My modest proposal: let parents tap directly into the Social Security Trust Fund, just like Congress likes to do, so they can pay bribes to the college of their choice!


March 13, 4:39 PM | Permalink | Comments (0)

New York v. Illegal Withdrawal Specialists (23 NYCRR 500)

I wrote a thing for Compass IT Compliance, an excellent firm who helped me out at Health Leads a great deal.  I'm happy to continue working with them in a new capacity.


March 13, 1:54 PM | Permalink | Comments (0)

Tuesday, 03/12/2019

All The Things You Are

You are the promised kiss of springtime.


March 12, 11:36 PM | Permalink | Comments (0)

Marching Shoes

The bottoms of my shoes:

     are clean 
From walking in the rain

Jack Kerouac.


March 12, 10:54 PM | Permalink | Comments (0)


On March 12, 1930, Mahatma Gandhi gave some parting remarks at Chandola lake to those who came to see his party off as they began the Salt March:

There were rumours of my arrest last night. God is great, mysterious indeed are His ways. I am here to say good-bye to you. But even if I were in prison, with your strength I could come back...

[B]e prepared to offer yourselves as civil resisters. Let there be no flinching. Your way at present, however, lies homeward; mine straight on to the sea-coast. You cannot accompany me at present, but you will have an opportunity to accompany me in a different sense later. . . .

The purpose of the March and this satyagraha was, in part, to break the British monopoly on salt manufacture through a form of economic non-cooperation (Method 90: Revenue Refusal).  By making their own salt, Indians would deny a small, symbolic amount of tax monies to the Raj in defiance of an unjust law that was part of the larger injustice of occupation.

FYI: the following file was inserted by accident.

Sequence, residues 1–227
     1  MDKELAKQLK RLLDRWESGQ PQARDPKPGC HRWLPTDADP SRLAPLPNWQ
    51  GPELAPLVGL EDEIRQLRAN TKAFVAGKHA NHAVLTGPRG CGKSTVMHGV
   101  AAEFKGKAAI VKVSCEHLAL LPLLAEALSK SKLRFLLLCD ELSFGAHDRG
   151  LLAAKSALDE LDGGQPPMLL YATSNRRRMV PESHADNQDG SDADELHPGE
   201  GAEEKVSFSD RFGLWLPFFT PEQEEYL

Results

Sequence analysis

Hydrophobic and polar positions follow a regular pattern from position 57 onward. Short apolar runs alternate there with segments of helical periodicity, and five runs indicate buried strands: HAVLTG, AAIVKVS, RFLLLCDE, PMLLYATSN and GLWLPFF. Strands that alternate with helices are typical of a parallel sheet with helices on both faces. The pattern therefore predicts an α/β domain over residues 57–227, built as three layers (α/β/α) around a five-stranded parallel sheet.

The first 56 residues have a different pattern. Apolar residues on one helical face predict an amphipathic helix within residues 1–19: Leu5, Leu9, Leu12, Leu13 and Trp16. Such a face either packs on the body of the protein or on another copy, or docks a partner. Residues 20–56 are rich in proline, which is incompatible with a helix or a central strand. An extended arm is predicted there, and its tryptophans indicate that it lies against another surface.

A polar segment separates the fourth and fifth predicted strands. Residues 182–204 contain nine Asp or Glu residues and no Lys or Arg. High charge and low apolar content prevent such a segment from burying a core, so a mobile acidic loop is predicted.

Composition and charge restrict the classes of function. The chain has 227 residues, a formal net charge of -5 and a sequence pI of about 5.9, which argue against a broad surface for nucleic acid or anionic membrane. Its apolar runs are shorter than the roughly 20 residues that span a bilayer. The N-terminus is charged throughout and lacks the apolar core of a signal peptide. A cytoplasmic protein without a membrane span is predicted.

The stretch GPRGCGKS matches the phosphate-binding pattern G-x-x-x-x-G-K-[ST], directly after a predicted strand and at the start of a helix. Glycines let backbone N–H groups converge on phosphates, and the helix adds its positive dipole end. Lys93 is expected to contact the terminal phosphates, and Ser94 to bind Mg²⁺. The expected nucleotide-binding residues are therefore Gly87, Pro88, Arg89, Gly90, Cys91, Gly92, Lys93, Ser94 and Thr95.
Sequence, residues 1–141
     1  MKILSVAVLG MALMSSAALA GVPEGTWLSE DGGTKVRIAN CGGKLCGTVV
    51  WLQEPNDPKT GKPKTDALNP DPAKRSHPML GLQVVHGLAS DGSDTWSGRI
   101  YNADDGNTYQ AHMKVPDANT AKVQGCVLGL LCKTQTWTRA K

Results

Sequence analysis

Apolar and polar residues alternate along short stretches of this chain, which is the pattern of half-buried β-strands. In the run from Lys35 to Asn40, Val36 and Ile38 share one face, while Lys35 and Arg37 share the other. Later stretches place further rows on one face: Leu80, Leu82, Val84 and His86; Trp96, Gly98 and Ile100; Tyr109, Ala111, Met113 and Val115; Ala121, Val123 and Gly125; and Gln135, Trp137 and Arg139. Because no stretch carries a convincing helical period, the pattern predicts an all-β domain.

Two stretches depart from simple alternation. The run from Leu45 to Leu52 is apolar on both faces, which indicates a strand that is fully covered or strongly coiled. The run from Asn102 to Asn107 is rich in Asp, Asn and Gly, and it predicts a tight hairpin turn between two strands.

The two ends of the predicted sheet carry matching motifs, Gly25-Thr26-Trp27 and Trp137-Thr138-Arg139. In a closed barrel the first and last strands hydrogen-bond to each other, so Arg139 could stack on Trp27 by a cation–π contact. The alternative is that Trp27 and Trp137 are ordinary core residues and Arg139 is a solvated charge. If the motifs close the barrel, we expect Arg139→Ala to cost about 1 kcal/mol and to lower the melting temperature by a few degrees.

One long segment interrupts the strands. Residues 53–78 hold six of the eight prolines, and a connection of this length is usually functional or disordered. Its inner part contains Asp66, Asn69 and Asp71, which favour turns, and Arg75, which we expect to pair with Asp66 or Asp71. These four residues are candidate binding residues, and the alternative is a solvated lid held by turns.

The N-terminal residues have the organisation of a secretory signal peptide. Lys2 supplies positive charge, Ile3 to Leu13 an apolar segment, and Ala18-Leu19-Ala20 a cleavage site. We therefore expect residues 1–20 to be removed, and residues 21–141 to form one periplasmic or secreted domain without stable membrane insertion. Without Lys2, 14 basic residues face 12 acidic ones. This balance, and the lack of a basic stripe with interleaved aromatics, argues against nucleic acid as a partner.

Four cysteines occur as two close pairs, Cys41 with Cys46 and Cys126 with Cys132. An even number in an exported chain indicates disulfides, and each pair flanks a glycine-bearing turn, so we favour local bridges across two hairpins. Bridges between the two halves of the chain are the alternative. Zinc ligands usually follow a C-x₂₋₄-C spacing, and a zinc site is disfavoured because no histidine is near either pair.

By itself, that action wouldn't amount to much, so Gandhi had to generate what we'd call buzz today--without social media, no less--hence the March.  It generated popular interest in every locality his party passed through, and the media propagated the message far and wide.

Before embarking on this first stage of the satyagraha, Gandhi wrote to the Viceroy, Lord Irwin on March 2:

I know that in embarking on non-violence I shall be running what might fairly be termed a mad risk. But the victories of truth have never been won without risks, often of the gravest character. Conversion of a nation that has consciously or unconsciously preyed I know that in embarking on non-violence I shall be running what might fairly be termed a mad risk. But the victories of truth have never been won without risks, often of the gravest character. Conversion of a nation that has consciously or unconsciously preyed. 
[I]f you cannot see your way to deal with these evils and my letter makes no appeal to your heart, on the 11th day of this month,1 I shall proceed with such co-workers of the Ashram as I can take, to disregard the provisions of the salt laws. I regard this tax to be the most iniquitous of all from the poor man’s standpoint. As the independence movement is essentially for the poorest in the land the beginning will be made with this evil. The wonder is that we have submitted to the cruel monopoly for so long.